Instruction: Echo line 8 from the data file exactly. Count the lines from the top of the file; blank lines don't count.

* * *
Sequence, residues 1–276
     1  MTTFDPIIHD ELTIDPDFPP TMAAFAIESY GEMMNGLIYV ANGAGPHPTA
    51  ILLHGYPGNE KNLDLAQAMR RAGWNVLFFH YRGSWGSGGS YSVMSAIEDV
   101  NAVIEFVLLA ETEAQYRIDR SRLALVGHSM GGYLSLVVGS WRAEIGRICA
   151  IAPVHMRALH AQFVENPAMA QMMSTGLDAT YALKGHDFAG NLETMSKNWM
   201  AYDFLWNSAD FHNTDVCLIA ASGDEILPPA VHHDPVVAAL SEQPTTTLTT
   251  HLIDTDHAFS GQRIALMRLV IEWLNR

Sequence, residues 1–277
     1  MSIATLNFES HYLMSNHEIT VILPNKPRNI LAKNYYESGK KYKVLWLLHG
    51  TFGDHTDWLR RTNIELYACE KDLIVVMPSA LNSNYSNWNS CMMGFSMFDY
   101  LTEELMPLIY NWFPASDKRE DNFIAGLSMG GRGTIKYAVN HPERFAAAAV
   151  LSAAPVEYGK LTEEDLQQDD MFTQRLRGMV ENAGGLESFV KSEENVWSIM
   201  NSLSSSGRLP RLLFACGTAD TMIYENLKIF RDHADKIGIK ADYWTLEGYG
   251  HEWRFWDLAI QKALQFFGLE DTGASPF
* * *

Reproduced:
Sequence, residues 1–277